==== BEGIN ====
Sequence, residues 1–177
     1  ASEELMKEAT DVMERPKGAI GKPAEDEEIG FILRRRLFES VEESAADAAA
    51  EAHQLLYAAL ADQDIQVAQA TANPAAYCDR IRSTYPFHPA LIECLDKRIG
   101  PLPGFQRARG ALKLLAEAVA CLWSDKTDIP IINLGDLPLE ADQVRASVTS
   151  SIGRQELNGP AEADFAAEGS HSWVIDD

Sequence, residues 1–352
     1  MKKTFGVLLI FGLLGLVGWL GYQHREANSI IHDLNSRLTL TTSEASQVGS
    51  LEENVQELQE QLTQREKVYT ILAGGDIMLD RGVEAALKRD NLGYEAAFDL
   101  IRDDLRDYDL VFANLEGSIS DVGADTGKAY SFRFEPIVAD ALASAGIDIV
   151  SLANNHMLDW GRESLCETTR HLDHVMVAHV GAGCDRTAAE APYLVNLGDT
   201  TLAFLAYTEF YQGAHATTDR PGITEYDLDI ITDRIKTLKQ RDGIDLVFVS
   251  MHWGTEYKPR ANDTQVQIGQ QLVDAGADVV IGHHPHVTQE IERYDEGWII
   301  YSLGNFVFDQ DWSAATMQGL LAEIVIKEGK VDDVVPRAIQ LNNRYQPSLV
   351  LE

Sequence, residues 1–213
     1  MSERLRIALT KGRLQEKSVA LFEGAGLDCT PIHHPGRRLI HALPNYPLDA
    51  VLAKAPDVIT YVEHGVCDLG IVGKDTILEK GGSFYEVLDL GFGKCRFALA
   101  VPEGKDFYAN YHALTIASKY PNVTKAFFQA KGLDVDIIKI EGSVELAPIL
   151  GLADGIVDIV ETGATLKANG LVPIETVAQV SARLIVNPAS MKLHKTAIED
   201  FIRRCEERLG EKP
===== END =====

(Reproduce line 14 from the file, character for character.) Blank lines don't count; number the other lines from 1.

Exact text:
   351  LE